Senioritis Strikes!

By Amanda Bertsch

Four years ago today, Denobis published an article ( on a phenomenon known as senioritis. The tongue-and-cheek name describes a serious problem: as graduation grows ever closer, many seniors struggle to find motivation for schoolwork and may see their grades drop as a result. On this anniversary, Denobis interviewed several current and past seniors about their experience with the disease.

Senior Mathew Lanning describes senioritis as “a perpetual laziness towards classes,” while Kate DuBroy explains it more generally as “feeling like high school […] will never end.” “Nothing phases you,” adds Juliette Puplava.

Although senioritis is almost universally regarded as a bad thing, senior Mathew Lanning pointed out that it was “somewhat justified because I’ve already built the reputation I need for the most part.” He quickly added that he didn’t like senioritis, but it seemed to be a fact of life.

The problem’s understandable. By spring of senior year, distance to graduation is measured in weeks and most seniors already know where they’re going to college. That English paper or math homework seems trivial compared to the bright future ahead. However, effects of senioritis can be long-lasting. Some colleges will withdraw offers of admission if a student’s grades drastically drop, and failing classes can lead to delayed graduation. Sudden GPA drops can affect class rank, graduation honors, and even scholarships.

Senioritis is far from an unusual problem. In one survey, 70.4% of high school freshman believed that their academic effort would not decrease in the second semester of senior year; an underwhelming 30.4% of seniors said the same. Factor in the people who were overoptimistic about their motivation, and senioritis could be afflicting 80% or more of the seniors nationwide.

Senioritis’s effects may reach even further than that. Some seniors claim that their senioritis began before they started senior year; several pointed to the second semester of junior year as a more accurate start time for the affliction. This isn’t universally agreed upon, however. Although many underclassmen claim to experience senioritis, Juliette Puplava explains a true case of senioritis as when “sleep deprivation from all four years catches up one day.”

Many seniors worry that senioritis will linger into college. We caught up with two Tri-City Prep alums to see how they felt senioritis had affected their freshman year of college.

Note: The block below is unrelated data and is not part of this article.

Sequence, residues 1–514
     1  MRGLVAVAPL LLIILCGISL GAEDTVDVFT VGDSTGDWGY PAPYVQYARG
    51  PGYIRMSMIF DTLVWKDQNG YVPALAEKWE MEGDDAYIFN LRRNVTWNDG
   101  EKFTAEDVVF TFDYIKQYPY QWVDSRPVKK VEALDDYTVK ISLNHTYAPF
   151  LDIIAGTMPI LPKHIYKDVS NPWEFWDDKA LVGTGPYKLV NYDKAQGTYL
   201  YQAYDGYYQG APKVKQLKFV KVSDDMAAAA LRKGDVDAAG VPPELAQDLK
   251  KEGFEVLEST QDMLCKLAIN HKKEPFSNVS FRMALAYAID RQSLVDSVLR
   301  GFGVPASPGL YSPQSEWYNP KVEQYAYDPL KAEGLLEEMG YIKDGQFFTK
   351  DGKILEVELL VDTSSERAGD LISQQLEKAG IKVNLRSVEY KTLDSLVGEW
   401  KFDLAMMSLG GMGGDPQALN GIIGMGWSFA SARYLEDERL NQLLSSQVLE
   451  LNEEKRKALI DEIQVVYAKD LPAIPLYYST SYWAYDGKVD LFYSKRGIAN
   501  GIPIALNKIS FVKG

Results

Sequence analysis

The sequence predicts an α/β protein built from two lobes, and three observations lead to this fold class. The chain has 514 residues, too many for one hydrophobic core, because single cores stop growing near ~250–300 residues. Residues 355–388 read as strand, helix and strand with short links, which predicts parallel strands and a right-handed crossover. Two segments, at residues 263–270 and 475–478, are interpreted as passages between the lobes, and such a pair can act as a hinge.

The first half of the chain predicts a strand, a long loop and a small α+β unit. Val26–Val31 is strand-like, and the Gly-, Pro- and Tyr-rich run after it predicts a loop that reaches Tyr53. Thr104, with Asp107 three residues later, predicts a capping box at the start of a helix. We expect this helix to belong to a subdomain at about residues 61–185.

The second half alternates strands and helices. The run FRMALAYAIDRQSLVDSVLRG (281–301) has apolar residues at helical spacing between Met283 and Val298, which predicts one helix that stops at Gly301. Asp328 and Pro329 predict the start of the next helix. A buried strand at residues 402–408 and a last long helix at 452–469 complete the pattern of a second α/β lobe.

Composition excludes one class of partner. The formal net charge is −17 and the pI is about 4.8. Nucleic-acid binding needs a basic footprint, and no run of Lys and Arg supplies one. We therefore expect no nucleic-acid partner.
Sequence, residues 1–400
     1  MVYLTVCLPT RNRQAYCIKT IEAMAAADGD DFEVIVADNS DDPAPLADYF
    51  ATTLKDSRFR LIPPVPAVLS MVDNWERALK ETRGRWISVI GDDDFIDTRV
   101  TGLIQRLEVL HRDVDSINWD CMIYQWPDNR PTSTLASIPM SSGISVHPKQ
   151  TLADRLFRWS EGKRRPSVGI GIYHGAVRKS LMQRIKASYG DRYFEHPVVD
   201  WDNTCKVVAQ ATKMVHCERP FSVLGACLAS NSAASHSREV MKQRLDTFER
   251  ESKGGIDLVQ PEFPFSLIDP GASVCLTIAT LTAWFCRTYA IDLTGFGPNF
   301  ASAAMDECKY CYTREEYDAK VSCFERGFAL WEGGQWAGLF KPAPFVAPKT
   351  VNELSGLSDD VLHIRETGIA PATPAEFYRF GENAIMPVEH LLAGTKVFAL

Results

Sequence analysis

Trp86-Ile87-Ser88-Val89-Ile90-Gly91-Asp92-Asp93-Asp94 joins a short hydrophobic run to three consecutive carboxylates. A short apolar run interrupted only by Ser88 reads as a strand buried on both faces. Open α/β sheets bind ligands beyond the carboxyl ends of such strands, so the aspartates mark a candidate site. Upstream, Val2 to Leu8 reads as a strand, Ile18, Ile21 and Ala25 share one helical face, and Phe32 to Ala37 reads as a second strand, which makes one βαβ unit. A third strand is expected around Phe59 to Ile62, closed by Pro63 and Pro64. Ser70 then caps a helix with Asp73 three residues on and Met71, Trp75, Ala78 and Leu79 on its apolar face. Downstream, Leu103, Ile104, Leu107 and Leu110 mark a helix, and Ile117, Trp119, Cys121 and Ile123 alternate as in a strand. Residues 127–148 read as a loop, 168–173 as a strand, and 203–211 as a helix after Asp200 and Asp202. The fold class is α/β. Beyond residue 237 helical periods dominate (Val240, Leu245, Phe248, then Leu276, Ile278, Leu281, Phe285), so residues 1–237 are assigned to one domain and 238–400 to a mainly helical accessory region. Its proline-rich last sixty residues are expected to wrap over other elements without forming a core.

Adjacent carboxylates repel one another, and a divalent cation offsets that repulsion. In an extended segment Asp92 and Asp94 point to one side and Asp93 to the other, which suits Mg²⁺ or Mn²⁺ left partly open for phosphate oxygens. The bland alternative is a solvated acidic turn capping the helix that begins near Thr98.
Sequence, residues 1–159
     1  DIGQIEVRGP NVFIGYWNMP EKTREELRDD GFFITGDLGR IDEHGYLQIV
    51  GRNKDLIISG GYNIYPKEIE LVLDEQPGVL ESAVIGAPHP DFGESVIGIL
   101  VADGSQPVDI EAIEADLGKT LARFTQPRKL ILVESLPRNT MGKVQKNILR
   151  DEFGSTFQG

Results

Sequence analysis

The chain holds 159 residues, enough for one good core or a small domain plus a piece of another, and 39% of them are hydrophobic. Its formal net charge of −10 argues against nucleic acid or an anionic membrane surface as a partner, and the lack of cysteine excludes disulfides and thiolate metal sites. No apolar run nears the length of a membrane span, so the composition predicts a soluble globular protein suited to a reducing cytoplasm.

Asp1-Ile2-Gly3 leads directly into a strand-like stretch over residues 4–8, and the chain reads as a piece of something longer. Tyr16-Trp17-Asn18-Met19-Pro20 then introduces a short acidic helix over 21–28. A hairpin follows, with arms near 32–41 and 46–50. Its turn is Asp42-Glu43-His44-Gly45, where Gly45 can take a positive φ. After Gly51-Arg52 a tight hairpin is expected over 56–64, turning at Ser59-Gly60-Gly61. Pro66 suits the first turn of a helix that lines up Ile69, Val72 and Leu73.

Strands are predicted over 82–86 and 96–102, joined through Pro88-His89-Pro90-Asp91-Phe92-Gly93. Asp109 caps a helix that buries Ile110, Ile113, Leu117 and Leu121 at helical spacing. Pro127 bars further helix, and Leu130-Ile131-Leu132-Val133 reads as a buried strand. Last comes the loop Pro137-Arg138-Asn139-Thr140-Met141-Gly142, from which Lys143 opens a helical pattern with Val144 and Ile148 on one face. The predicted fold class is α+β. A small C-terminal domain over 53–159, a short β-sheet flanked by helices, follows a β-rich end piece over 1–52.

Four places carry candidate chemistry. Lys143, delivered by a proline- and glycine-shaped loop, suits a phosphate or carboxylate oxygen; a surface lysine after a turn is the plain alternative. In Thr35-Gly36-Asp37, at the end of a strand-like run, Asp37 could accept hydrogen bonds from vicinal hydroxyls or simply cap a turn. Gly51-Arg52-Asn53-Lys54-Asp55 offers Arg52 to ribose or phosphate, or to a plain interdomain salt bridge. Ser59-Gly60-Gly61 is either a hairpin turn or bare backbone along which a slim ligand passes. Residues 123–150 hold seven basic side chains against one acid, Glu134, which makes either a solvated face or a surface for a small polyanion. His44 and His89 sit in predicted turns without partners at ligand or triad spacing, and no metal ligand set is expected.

Alum Natalie Krafft explained that her senioritis lasted through the summer, leading her to dread going back to school. “Once school started I got over it, but once midterms hit I was just done. Senioritis returned,” she said.

Alex DuBroy’s experience was different. He also said his senioritis lingered, but “college really forces you to get your act together.” He was simply too busy to tolerate senioritis and also do well in his classes.

As for minimizing senioritis?

Ms. Mezeske didn’t endorse senioritis, but cautioned seniors about working too hard: “I walked by my high school several times this week and waxed nostalgic about good times I missed… therefore, my advice is to slow down, make every day count, and enjoy every moment, as you will never be able to get them back.” As always, the goal is to work smarter, not harder.

TCP alum Natalie Krafft advises to “stay on top of things from the beginning and stay like that until the end. Resist the call to skip classes and if you need help ASK.”

Current senior Mathew Lanning told Denobis that “all you can do is try to build a work ethic based on incentives that you can set.”

English teacher Miss Kauffman had a longer message:

“My advice for students is to stay focused not only for the sake of high school (which is almost over) but for the sake of your future. Learn this lesson now: the real world doesn’t let you blow off something because you’re ‘almost done’ with it. ‘Sorry, boss, that report isn’t on your desk because I was tired nearly finishing it.’ Or, ‘sorry, fiancée, I didn’t walk down the aisle because I was tired from nearly finishing the wedding planning. Or, ‘sorry, IRS, I didn’t finish my taxes in time because I got too tired nearly finishing them.’ The consequences in the real world will follow you. They will. And this is especially important for those students in dual enrollment: if you blow off a college class, your crappy grade will be on your permanent college record, something that teachers and employers will be looking at for the rest of your life.”

“Good things come to those who show up and do their work. Period.”

That’s advice everyone can take.